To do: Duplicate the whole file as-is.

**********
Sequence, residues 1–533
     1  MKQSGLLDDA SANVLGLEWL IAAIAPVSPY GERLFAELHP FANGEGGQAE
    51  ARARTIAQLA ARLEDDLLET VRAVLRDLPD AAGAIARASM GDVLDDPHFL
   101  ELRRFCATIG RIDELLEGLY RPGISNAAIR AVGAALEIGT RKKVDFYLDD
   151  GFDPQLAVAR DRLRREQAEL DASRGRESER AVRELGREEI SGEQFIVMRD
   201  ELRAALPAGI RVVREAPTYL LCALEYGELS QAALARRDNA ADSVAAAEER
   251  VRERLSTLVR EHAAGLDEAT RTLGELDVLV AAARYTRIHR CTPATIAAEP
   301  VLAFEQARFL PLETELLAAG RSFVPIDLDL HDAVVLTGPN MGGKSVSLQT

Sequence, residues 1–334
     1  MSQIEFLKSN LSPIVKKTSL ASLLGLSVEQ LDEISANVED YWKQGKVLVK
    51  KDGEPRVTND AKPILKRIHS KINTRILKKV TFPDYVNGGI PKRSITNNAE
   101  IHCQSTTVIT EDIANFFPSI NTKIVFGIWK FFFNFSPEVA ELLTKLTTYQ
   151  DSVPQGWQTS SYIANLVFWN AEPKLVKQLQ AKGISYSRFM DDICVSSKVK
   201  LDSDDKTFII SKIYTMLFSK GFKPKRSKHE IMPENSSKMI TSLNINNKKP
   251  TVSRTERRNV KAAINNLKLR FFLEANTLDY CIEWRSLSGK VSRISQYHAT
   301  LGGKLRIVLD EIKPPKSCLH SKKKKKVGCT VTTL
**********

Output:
Sequence, residues 1–533
     1  MKQSGLLDDA SANVLGLEWL IAAIAPVSPY GERLFAELHP FANGEGGQAE
    51  ARARTIAQLA ARLEDDLLET VRAVLRDLPD AAGAIARASM GDVLDDPHFL
   101  ELRRFCATIG RIDELLEGLY RPGISNAAIR AVGAALEIGT RKKVDFYLDD
   151  GFDPQLAVAR DRLRREQAEL DASRGRESER AVRELGREEI SGEQFIVMRD
   201  ELRAALPAGI RVVREAPTYL LCALEYGELS QAALARRDNA ADSVAAAEER
   251  VRERLSTLVR EHAAGLDEAT RTLGELDVLV AAARYTRIHR CTPATIAAEP
   301  VLAFEQARFL PLETELLAAG RSFVPIDLDL HDAVVLTGPN MGGKSVSLQT

Sequence, residues 1–334
     1  MSQIEFLKSN LSPIVKKTSL ASLLGLSVEQ LDEISANVED YWKQGKVLVK
    51  KDGEPRVTND AKPILKRIHS KINTRILKKV TFPDYVNGGI PKRSITNNAE
   101  IHCQSTTVIT EDIANFFPSI NTKIVFGIWK FFFNFSPEVA ELLTKLTTYQ
   151  DSVPQGWQTS SYIANLVFWN AEPKLVKQLQ AKGISYSRFM DDICVSSKVK
   201  LDSDDKTFII SKIYTMLFSK GFKPKRSKHE IMPENSSKMI TSLNINNKKP
   251  TVSRTERRNV KAAINNLKLR FFLEANTLDY CIEWRSLSGK VSRISQYHAT
   301  LGGKLRIVLD EIKPPKSCLH SKKKKKVGCT VTTL